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Some record reviews are exercises in futility, and this is one of them. You’ll hate reading it, I hate writing it. I know you’ll hate reading it because only Yes fans will read it, and I hate this record. So you’ll hate this review. And so on and so on and scooby dooby do. So screw the review, I’ll just answer the key questions you’ll be sending me.
QUESTION ONE: Why did you bother reviewing 90125 if you hate it? Nobody on the CREEM staff is a big Yes fan, and somebody had to do it. You would have been just as mad if we’d ignored it Besides, I didn’t know I hated it’d after I heard it.
QUESTION TWO: What do you know about Yes anyway? Same as most 30-year-olds who like pop music. I lived with that band from the Yes Album in 1971 through Relayer in 1974, when both the band and me got distracted. Those albums were always on the stereos in dorm rooms and big houses where they threw parties with beer and dope -- Yes was the band that played at our psychological senior prom. I knew up front I’d never like them, per se, but I’m not deaf -- I heard the technical chops and the beauty. What facts do I know about Yes? I know that Jon Anderson didn’t like Rick Wakeman because (among other things) Wakeman eats meat and isn’t terribly “spiritual.” Wakeman isn’t on 90125 and Anderson is. Steve Howe isn’t either, and he shoulda been. I know Chris Squire does great octaves on his bass.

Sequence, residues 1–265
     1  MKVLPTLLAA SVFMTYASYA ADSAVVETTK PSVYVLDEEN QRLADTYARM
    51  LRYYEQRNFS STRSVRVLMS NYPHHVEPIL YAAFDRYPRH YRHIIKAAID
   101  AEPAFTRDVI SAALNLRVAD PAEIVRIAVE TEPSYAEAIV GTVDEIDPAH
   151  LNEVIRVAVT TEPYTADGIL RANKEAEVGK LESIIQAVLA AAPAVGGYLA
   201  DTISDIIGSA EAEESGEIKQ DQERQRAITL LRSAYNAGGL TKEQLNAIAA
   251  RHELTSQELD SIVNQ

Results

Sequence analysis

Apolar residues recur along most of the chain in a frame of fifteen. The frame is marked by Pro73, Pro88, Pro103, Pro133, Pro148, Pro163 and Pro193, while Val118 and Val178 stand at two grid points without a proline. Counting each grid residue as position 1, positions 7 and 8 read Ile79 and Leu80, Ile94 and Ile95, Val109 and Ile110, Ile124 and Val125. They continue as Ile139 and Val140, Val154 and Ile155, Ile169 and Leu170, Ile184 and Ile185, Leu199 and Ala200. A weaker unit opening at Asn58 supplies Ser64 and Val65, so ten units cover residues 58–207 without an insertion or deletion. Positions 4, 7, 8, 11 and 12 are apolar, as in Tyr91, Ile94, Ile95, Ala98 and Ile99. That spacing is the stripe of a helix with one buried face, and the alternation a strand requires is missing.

QUESTION THREE: What do you know about good music anyway, you (fill in expletive of choice)? Same as most people, at least. I know what I like. I like the Earth Wind & Fire horn parts in “Owner of a Lonely Heart.” I know that the other song with funk, “City of Love,” sounds like an aerobicize class for Volga boatmen, so I don’t like it as much. Its guitar solo is nasty and fun and actually has musical ideas in its head (which the rest of the LP really doesn’t, for the most part). I like it when music doesn’t act like a showoff: I know for a goddamn fact that putting more notes into a piece of music does not make that piece of music good. Yes still puts more notes in their music than they need.
QUESTION FOUR: You’re full of shit. Not a question, but entirely possible as a statement of fact. But so is this record -- full of shit, that is. Especially the lyrics. They sound like they’re saying important things about the state of humanity but they’re not. They’re bad poetry by someone who thinks he writes good poetry. They’re arrogant and condescending to the listener, complicated for no good reason. Musically and lyrically, Yes confuses being complicated with being good. Surely you won’t make the same mistake with this review.